My perspective warps as my head falls below the level of the pavement outside; where I could have sworn there was a gaping hole above my head just a few moments ago, there's an unbroken ceiling of deep chocolate-brown rock, lit from below by that ubiquitous flickering green light. I look back; a distant circle of natural light, far behind and above me, maybe twenty feet up a long flight of brown stone steps— impossibly far for the five or six forced steps I took to get here— is all that I can see of the place I came from. I hear faint, bewildered shouts from that distant hole as my pursuers search in vain for me... Then, distantly, I hear the discordant wail of the same Dark Pulse attack that struck Grayout HQ, and the circle of sunlight disappears.
A moment later, I have to turn my attention to my more immediate surroundings, because my feet have started to walk without my permission again. Moving at a more leisurely pace, my involuntary strides take me off the final step of the long flight of stone stairs I don't remember descending, and down a short corridor, whose walls and floor are of the same chocolate-brown rock. The flickering green glow that lights everything is coming from a cave exit up ahead, and I squint as I approach, my eyes adjusting to the odd brightness...
I emerge into a slightly larger cavern; it's a dead end, and empty except for what appears to be a cylindrical stone well with a foot-long stone bearing a mysterious sigil set into the front. From the well gushes a torrent of green flames, engulfed and enshrouded by a cloud of the same light purple, opaque gas as before. Again, rather than dispersing as would be normal, the gas seems to cling to the well and the flames alike, blocking the emerald brilliance from showing through except in rapidly shifting patterns.
After a second, the patterns of fire showing through the purple cloud start to stabilize and come together, until they form the unmistakable appearance of a slit-eyed, noseless face with a jagged gash for a mouth. Then the "mouth" moves, giving voice to a buzzing murmur that seems to come from more than one voice, echoing in the cave and in my head— the echoes in my head are an uncomfortable sensation, as if something were tapping lightly against various parts of my skull from within.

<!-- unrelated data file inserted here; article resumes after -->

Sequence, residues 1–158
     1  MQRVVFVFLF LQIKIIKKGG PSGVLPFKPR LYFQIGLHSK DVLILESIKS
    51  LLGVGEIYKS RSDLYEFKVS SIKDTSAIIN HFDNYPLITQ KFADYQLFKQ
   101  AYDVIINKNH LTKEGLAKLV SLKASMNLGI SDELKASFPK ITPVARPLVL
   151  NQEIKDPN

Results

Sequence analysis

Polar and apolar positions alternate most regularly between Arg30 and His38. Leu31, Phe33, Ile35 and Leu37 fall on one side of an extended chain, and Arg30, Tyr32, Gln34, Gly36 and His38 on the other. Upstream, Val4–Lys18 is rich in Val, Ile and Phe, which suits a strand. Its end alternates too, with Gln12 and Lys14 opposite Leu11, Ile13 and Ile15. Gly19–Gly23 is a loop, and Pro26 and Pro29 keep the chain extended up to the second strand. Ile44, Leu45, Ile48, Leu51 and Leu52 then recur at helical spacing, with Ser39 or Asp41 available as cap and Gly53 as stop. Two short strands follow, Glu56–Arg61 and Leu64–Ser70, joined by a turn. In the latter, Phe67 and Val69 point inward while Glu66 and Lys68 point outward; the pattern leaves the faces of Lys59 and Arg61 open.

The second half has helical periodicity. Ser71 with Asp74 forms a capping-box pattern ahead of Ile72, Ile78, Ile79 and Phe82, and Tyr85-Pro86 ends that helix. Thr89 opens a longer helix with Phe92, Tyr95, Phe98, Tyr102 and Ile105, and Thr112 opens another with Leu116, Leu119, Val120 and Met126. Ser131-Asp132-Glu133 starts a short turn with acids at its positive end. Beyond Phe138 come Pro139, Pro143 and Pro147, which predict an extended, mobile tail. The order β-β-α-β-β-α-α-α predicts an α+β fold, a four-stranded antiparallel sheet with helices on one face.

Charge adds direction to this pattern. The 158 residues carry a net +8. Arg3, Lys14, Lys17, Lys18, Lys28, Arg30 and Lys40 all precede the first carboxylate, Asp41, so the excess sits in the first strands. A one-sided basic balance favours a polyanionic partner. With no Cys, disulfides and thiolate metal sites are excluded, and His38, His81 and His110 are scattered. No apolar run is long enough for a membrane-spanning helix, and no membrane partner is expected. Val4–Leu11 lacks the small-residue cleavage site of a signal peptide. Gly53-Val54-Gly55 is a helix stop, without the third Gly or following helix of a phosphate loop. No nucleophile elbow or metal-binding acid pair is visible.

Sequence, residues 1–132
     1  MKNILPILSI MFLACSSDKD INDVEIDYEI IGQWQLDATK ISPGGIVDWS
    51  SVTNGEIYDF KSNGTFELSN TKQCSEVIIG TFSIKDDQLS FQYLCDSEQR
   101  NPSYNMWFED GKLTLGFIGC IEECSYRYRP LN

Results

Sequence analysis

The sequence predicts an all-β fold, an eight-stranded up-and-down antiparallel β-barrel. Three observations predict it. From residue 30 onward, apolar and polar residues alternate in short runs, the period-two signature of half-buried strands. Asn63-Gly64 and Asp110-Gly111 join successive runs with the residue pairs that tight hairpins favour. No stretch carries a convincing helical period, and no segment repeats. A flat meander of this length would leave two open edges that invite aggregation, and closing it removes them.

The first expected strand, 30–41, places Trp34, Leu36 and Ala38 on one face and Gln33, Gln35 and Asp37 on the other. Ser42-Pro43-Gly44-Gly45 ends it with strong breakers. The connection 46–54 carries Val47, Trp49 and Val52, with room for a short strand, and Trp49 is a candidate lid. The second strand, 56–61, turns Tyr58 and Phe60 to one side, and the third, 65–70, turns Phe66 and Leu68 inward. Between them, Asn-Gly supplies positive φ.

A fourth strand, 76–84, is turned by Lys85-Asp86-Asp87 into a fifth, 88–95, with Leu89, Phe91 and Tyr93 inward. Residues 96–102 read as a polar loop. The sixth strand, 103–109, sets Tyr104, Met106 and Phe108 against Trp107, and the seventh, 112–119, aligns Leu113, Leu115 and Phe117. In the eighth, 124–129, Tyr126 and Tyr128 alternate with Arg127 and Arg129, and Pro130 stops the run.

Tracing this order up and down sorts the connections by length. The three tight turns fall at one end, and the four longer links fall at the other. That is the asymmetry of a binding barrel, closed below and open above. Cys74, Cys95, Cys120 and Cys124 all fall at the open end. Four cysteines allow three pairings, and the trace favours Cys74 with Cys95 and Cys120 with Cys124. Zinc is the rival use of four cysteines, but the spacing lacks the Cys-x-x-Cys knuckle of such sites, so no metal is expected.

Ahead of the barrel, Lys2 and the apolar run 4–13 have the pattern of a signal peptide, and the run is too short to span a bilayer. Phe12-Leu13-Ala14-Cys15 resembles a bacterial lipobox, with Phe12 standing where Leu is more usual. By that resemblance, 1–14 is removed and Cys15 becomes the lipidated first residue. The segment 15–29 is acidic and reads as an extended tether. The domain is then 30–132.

~Welcome, seeker of strength. You hold much darkness within you.~
I shuffle my feet, just to be sure I have control of them again; thankfully, I do. But running away doesn't seem to be an option, and trying to fight would probably just trap me in this eerie-ass place, so I default to sarcasm instead. "And that's supposed to make me feel just great about myself, right, talking-fire-head Pokémon?"
~You hold much darkness within you, Larissa.~
"If you know my name, it's only polite to tell me yours," I say matter-of-factly, clinging desperately to sass as my only alternative to hysterical screaming.
~We once had many names. But you may call us Spiritomb. Your inner darkness calls to us.~
A memory passes through my head, the shade of Old Adam telling me I shouldn't wish evil on Trainers. "You're not the first person to call me evil in the last couple of days," I tell the Pokémon with an harsh smile.
The voice tapping at the inside of my head takes on a genuinely bewildered tone. ~We spoke naught of evil. You hold much darkness within you.~